Today’s coronavirus news: Poll finds support for masks in Grade 1 when Ontario schools reopen; Canada’s ventilator supply increases ahead of potential surge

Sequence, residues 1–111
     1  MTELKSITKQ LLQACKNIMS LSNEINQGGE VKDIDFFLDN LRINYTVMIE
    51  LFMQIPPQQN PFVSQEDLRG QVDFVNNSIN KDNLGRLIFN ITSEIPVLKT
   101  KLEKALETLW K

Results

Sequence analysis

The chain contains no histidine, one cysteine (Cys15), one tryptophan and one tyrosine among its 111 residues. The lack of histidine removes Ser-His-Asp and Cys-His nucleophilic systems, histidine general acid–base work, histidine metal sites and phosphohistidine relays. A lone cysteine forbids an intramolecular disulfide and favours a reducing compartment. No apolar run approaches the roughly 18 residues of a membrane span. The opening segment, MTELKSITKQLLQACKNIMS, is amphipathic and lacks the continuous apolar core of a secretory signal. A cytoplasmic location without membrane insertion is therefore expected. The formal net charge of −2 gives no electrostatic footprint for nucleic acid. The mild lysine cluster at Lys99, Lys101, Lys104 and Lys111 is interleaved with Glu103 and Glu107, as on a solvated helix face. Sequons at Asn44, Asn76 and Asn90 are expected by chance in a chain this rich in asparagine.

The latest coronavirus news from Canada and around the world Saturday. This file will be updated throughout the day. Web links to longer stories if available.5:25 p.m.: Ontarians prefer a combination of in-school and at-home learning for students and want kids to start wearing masks in class starting in Grade 1, a new poll for the Star has found.Some 37 per cent of those surveyed last week by Campaign Research say they are very or somewhat confident in a safe return to school if kids attend full-time, with 57 per cent somewhat unconfident or not at all.And when it comes to masks — which the province has mandated for students in Grades 4 and up — more than a third of those surveyed felt children should don them starting in Grade 1, or when they are six years old.Read the full story from the Star’s Kristin Rushowy here5 p.m.: Saskatchewan Premier Scott Moe has announced his government is delaying the date students will return to classes by a few days, and that an extra $40 million will be spent on keeping students and school staff safe from COVID-19.Moe says students will begin classes on Sept. 8, the Tuesday after Labour Day, in order to give teachers and school staff a bit more time to prepare their classrooms and common areas for a safe return.Read the full story here3 p.m.: Brazil, where 105,000 people have died from COVID-19, has emerged as a vital player in global efforts to end the pandemic. Three of the most promising and advanced vaccine studies in the world are relying on scientists and volunteers in Brazil, according to a World Health Organization report.The Butantan Institute is partnering with China’s Sinovac on one vaccine that has reached the third stage of research, during which potential vaccines are tested on 9,000 people. Some 5,000 Brazilians have also been recruited to support a trial by AstraZeneca, a British-Swedish pharmaceutical company in partnership with Oxford University. An additional 1,000 volunteers in Brazil were recruited to test a vaccine developed by New York-based Pfizer.Researchers need countries with large enough outbreaks to assess whether a vaccine will work. Some volunteers are given the potential vaccine while others are given a placebo, but they have to be in a place where enough of the virus is circulating to test its efficacy.2:30 p.m.: Quebec is reporting 80 new cases of COVID-19 and one additional death. The number of hospitalizations dropped by two to 149. Of those, the number in intensive care remained unchanged at 25.1:01 p.m.: Health authorities in New Brunswick are reporting four new cases of COVID-19 in the province.The province’s health department says two cases involve people in their 40s in the Moncton area and are related to international travel.The other two cases are in the Fredericton area and involve children under the age of 10, contacts of a previously announced infection.12:12 p.m.: Anyone can get a coronavirus test at the CentroMed clinic in San Antonio, but on a recent day, the drive-thru was empty. Finally two masked people in a maroon SUV pulled straight on through with no wait.With hundreds of deaths reported each day, students returning to class and football teams charging ahead with plans to play, Texas leaders who grappled with testing shortages for much of the pandemic are now facing the opposite problem: not enough takers.“We’re not having enough people step forward,” Republican Gov. Greg Abbott said.The number of coronavirus tests being done each day in Texas has dropped by the thousands in August, mirroring nationwide trends that has seen daily testing averages in the U.S. fall nearly 9% since the end of July, according to The COVID Tracking Project. The problem is dwindling demand: Testing centres like CentroMed are no longer inundated by long lines that stretch for blocks, or closing hours early because tests run out.12:11 p.m.: Nova Scotia is reporting two additional cases of COVID-19, bringing the total number of active cases in the province to three.The province said Saturday that the two new cases were identified on Friday and are in the northern zone of the province.They are in addition to another case in the same region announced one day earlier.10:56 a.m.: Ontario is reporting 106 new cases of COVID-19 and one new death related to the virus.The total number of cases now stands at 40,565, which includes 2,789 deaths and 36,783 cases marked as resolved.The number of new cases narrowly outpaced the number of cases newly marked as resolved in Saturday’s report.7 a.m.: Cases of COVID-19 in reopened schools are inevitable, say Toronto public health officials, who are cautioning parents not to expect a shutdown of the entire school whenever a student or staff member tests positive.“We expect to get cases related to schools,” said Dr. Vinita Dubey, the city’s associate medical officer of health, adding Toronto Public Health will take a “conservative” approach in how it handles cases in schools to ensure the risk of transmission is li